Officials at the Civil Aviation Safety Authority (CASA) in Australia have sought to extend the one-week grounding of Tiger Airways, effectively banning the carrier from operations until August.
Tiger has been out of the skies since Saturday, when CASA first raised safety concerns about the airline.
CASA is seeking a continuation of the suspension until August 1st 2011, with an application lodged at the Federal Court in Melbourne.
While it remains unlikely Tiger Airways will resume flights before this time, CASA did offer one ray of light to the carrier.
“If CASA completes its investigations and determinations before August 1st 2011 and is satisfied Tiger Airways Australia no longer poses a serious and imminent risk to air safety it may be possible for it to resume operations earlier,” read a statement.
Some 40,000 passengers have been affected so far this week due to the grounding, with many thousands more now in line for disruption.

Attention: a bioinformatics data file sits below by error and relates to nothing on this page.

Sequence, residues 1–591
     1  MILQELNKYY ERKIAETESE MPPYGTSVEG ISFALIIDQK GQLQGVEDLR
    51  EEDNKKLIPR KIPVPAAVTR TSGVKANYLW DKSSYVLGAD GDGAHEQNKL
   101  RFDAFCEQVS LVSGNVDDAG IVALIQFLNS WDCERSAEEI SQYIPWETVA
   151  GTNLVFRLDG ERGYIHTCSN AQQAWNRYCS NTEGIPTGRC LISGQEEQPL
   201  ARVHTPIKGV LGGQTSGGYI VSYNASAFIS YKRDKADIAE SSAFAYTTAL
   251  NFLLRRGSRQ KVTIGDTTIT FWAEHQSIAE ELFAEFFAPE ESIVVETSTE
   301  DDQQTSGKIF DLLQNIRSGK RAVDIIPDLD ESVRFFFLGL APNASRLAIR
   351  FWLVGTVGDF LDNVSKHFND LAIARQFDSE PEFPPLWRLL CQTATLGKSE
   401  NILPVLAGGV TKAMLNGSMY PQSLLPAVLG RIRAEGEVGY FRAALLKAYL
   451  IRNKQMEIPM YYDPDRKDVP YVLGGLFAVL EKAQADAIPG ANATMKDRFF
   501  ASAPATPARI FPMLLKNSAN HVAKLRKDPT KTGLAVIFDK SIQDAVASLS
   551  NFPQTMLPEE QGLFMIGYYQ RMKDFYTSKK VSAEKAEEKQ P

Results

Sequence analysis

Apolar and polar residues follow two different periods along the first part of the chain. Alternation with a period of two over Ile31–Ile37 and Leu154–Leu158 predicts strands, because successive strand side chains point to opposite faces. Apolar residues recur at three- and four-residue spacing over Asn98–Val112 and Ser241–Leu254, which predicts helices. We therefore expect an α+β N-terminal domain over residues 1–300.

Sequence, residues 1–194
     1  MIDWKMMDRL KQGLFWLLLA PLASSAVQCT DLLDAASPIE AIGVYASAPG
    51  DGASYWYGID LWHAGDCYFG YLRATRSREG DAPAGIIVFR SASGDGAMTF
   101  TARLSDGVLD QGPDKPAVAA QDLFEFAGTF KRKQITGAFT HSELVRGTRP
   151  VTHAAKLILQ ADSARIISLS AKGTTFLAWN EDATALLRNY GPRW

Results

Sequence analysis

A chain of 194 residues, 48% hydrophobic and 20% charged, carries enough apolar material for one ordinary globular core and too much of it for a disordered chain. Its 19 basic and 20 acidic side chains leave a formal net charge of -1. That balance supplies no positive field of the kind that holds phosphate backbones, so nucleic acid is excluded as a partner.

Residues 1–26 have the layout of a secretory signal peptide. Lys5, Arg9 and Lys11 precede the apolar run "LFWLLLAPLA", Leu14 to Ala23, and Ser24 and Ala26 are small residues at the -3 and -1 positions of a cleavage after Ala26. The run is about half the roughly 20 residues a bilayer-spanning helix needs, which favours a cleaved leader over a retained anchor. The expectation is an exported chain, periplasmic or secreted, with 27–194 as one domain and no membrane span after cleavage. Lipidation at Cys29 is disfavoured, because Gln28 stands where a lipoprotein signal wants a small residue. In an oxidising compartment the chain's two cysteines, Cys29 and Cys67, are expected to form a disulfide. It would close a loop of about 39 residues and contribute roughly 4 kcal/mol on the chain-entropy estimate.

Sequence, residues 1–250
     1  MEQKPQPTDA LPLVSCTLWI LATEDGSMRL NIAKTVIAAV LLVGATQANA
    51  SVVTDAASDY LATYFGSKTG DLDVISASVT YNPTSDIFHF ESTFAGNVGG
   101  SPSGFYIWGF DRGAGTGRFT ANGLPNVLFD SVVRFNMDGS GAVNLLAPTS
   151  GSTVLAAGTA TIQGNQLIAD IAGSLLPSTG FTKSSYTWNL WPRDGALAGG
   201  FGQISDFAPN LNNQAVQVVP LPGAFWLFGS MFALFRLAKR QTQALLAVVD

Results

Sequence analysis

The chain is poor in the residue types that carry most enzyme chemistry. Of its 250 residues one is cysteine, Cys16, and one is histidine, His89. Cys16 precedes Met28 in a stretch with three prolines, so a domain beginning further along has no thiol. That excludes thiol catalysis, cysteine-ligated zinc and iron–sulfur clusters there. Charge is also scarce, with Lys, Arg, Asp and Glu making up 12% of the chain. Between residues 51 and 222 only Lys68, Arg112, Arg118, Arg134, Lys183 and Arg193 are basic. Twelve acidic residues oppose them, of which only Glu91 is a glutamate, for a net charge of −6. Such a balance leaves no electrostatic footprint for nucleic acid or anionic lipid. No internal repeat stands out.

CASA suspended Tiger Airways Australia’s operations on July 2nd 2011 because it believed permitting the airline to continue to fly “posed a serious and imminent risk to air safety”.
The body now needs more time to carry out its investigations.
Tiger Airways has been working with CASA for the past five days to establish a plan for the resumption of its services.
The airline has made it clear it will not oppose the period of extension.
Tiger has offered refunds passengers holding reservations between now and July 31st.
It has also been announced Tiger chief executive, Crawford Rix, will leave the airline on July 31st. He will be replaced by Tony Davis, chief executive of
Tiger parent company Tiger Airways Holding.
In turn, Davis’ former responsibilities will be carried out by Chin Yau Seng, executive director of Tiger Airways Holdings.